TIME climate change

El Niño Is on Its Way

When the Pacific Ocean warms, the weather will get ... weird

[2014 could be the hottest year on record]

For many Americans, 2013 ended with an unusually bitter cold snap. Late November and December saw early snow and bone-chilling temperatures in much of the country, part of a year when–for the first time in two decades–record-cold days will likely turn out to have outnumbered record-warm ones. But the U.S. was the exception: November was the warmest ever globally, and the provisional data indicates that 2013 is likely to have been the fourth-hottest year on record.

Enjoy the snow now, because chances are good that 2014 will be even hotter–perhaps the hottest year since records have been kept. That’s because, scientists are predicting, 2014 will be an El Niño year.

El Niño, Spanish for “the boy,” occurs when surface ocean waters in the southern Pacific become abnormally warm. So large is the Pacific–covering 30% of the planet’s surface–that the additional energy generated by its warming is enough to tip off an array of weather changes around the world. El Niños are associated with abnormally dry conditions in Southeast Asia and Australia and a weakening of the Indian monsoon. They can lead to extreme rain in parts of North and South America, even as southern Africa experiences drought. Marine life may be affected too: El Niños can reduce the upwelling of the cold, nutrient-rich water that supports large fish populations, and the unusually warm ocean temperatures can destroy coral.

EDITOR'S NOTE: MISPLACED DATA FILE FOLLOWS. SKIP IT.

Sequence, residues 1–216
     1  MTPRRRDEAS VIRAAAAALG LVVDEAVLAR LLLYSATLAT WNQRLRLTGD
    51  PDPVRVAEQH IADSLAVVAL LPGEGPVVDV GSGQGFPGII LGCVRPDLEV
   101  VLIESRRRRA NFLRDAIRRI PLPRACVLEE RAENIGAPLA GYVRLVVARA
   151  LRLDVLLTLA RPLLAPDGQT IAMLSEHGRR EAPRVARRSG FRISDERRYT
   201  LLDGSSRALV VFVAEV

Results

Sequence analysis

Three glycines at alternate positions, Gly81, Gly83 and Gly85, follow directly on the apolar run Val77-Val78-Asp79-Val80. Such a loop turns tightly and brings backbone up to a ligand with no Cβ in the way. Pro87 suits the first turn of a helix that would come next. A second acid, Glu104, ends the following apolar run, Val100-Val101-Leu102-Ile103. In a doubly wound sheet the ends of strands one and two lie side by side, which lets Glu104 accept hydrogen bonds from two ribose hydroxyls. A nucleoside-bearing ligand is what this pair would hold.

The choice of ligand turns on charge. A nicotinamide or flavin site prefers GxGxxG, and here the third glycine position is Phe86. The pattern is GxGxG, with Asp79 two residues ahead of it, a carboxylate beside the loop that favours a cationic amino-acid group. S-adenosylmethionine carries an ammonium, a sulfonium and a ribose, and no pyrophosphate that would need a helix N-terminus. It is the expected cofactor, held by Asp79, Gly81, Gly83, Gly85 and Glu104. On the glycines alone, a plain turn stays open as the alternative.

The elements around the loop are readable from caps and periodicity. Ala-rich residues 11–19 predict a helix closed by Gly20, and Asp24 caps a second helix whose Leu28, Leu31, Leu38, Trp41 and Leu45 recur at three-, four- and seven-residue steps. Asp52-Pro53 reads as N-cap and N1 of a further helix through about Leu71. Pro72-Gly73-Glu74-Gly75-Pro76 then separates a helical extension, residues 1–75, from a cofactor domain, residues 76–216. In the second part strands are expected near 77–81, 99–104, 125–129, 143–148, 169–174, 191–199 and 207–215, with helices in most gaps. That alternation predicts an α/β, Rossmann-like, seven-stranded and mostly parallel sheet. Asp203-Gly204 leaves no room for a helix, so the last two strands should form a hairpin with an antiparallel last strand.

It’s not just the weather that gets worse. The strong 1997–98 El Niño cost the U.S. an estimated $25 billion, and studies have linked the phenomenon to outbreaks of tropical diseases and higher rates of civil war. There’s even research indicating that a powerful El Niño from 1789 to 1793 devastated crop yields in Europe, which in turn helped spark the French Revolution.

Chances are an El Niño in 2014 won’t lead to guillotinings in the streets of Paris, but it would cause hotter weather globally. The three warmest years on record, 1998, 2005 and 2010, were all El Niño years. In fact, 2013 was unusual because it was so hot despite the fact that there was no El Niño–a sign of just how much global warming has increased. Should the southern Pacific heat up enough for climatologists to declare an El Niño in effect–and that requires three months of ocean temperatures that are at least 0.9°F higher than average–expect 2014 to be a record breaker on many fronts.

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